HARI SREENIVASAN: France began three days of national mourning today for the victims of Thursday's terrorist truck attack in the Riviera resort city of Nice. Today, ISIS claimed responsibility saying the Tunisian man who drove the large truck was one of its soldiers, heeding its call to kill citizens of France and other countries fighting the militant group.
But french authorities have not confirmed the link. The death toll stands at 84… after the truck ran over pedestrians for a mile-and-a-half along Nice's promenade following Bastille day fireworks. Of more than 200 other people who were injured, about 50 remain hospitalized in critical condition.
Special correspondent Jane Ferguson has more from nice.
JANE FERGUSON: Signs of the horror are beginning to fade from Nice's Promenade des Anges.
Parts of this route along the French Riviera have re-opened, as tourists and locals cautiously return to a street known for its glamour, history, and now tragedy. There are more police around, and many have gathered to mourn the dead.
Just to give you some perspective – now that the street has been re-opened – many are coming down to lay flowers and candles at the various spots where people were killed. So all down this street you can see small piles of flowers were each life was lost.
Nice has drawn visitors for centuries – its old world style and beauty are still unmistakable.
That's why Philip Frayne and his wife came here for a holiday. He works at the U.S. embassy and lives in Paris. They were on the promenade just a few minutes before the attacker struck. His wife wanted to stay and dance at the street party, but he wanted to go for dinner.
PHILIP FRAYNE: Had I taken my wife's wishes and stayed to dance at the time we probably would have been right in the crossfire, but we decided to go get a bite to eat first, come back to dance later. That may have saved us, we don't know.
JANE FERGUSON: From a nearby restaurant they heard the attack.
PHILIP FRAYNE: Once gunshots were heard then we all knew we had to get inside and we had to remain low and there were a lot of people amongst us who were crying and who were very upset.
JANE FERGUSON: Other Americans caught up in the panic are still missing.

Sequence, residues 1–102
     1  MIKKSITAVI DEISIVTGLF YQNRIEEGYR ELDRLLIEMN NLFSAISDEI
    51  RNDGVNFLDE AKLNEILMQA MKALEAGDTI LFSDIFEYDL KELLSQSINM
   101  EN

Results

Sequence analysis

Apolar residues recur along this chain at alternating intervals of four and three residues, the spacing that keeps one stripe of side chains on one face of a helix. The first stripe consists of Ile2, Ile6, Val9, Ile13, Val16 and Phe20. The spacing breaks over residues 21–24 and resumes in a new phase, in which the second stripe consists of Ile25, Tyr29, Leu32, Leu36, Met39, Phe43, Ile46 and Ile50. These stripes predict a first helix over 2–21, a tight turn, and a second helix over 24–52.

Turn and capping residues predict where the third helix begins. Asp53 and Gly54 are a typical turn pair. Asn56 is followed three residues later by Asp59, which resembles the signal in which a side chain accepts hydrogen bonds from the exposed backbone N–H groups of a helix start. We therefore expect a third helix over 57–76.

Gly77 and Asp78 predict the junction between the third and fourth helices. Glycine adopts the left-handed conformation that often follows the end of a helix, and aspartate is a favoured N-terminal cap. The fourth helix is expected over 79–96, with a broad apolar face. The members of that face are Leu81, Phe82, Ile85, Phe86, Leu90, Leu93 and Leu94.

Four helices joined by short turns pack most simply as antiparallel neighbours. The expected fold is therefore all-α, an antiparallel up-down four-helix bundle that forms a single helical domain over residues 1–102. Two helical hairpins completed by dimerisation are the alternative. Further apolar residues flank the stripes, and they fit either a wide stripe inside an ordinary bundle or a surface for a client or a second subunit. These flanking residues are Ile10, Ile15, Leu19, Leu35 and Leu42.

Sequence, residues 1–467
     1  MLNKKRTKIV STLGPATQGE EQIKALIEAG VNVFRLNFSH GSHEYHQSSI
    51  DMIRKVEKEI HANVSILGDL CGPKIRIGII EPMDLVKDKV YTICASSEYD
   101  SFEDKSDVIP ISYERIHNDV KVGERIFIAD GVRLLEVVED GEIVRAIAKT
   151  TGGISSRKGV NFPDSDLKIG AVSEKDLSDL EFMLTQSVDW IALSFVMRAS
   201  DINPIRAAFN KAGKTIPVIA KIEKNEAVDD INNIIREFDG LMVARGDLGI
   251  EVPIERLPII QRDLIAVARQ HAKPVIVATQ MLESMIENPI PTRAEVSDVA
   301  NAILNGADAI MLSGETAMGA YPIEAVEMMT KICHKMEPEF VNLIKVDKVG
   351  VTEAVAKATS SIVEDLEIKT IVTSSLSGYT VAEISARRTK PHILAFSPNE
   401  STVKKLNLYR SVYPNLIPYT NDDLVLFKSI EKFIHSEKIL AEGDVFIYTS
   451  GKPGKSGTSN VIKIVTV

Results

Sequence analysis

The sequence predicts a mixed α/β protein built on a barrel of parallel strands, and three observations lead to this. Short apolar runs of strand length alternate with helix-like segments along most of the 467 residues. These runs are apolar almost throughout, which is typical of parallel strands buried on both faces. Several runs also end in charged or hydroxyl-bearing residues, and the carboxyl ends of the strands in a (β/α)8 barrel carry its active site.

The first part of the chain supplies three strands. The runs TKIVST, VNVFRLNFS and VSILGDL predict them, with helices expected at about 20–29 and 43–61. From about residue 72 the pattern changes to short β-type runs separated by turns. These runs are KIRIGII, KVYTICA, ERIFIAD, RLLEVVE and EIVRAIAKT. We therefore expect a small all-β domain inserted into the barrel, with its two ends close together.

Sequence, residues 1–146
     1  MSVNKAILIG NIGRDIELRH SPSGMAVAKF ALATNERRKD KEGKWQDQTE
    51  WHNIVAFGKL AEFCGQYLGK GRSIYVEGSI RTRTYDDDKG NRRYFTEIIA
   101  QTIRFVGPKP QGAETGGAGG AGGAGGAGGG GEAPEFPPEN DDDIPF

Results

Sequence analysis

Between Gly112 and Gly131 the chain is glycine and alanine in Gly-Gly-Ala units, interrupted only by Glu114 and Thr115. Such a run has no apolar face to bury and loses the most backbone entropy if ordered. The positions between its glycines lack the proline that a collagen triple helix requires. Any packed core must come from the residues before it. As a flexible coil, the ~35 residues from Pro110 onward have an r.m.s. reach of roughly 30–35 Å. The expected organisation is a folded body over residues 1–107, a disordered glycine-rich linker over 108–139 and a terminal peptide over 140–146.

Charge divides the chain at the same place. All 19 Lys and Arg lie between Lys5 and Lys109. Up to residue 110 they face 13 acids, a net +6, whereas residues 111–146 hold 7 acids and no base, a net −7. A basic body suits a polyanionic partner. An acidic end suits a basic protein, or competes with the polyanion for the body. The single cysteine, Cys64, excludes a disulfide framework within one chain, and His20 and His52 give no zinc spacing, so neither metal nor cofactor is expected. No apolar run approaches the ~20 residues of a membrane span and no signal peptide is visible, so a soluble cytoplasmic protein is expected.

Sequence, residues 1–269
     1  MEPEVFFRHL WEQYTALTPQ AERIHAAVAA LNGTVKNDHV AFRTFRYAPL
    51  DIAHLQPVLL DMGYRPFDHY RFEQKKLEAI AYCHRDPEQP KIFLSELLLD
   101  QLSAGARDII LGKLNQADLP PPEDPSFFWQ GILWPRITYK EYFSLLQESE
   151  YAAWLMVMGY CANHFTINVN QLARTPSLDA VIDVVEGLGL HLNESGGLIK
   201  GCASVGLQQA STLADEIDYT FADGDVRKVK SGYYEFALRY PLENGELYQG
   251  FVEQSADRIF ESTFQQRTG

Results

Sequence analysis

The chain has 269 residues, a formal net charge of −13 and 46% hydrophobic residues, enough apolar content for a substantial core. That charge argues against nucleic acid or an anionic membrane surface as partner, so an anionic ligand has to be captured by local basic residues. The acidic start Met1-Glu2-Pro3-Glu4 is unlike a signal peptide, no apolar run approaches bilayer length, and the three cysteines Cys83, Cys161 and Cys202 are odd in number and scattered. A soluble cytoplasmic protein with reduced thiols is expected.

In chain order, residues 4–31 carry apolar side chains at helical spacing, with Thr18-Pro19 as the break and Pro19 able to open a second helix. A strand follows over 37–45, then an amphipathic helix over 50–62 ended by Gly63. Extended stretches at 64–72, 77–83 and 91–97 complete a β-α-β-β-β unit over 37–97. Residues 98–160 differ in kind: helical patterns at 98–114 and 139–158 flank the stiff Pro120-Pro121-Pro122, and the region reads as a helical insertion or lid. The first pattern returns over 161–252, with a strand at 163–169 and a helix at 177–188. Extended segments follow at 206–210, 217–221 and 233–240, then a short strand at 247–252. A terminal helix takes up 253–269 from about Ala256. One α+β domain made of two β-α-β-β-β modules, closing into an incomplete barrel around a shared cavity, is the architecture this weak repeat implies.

20-year-old Berkeley student Nicolas Leslie was at the scene of the attack and hasn't been seen since. His family is desperately trying to find him.
A California family is turning to a Facebook page — SOS Nice — to help locate writer Renee Lo Iacono. She was in Nice Thursday night, but her family has not heard from her.
The attacker – shot dead by police – 31 year old Tunisian Mohamed Lahouaiej Bouhel – was not on any French terror lists or known to police as a radical.
The French interior minister said today he apparently "radicalized very quickly." Police here in France have arrested five people including Bouhel's estranged wife. They're still trying to find out if they attacker acted alone or had help with other individuals. Hari.
HARI: On this ISIS claim of responsibility Jane, how are investigators going to know whether the group planned this attack or trained Bouhel?
JANE FERGUSON: They certainly don't know yet Hari, they're trying to look into whether or not this was a coordinated attack with ISIS. But what is clear is through their message. Their statement that they made today that Bouhel had followed their call to attack the citizens of countries that were attacking ISIS.
That is very clearly not the same as saying that they coordinated the attack. Saying That they themselves planned it out. For instance like the Paris attack in in November, which was clearly coordinated and very much so planned inside Syria.
This attack it seemed may have simply been inspired by ISIS, which of course is a very different thing but just as deadly.
HARI SREENIVASAN: Jane Ferguson joining us from Nice, France tonight. Jane thank you very much.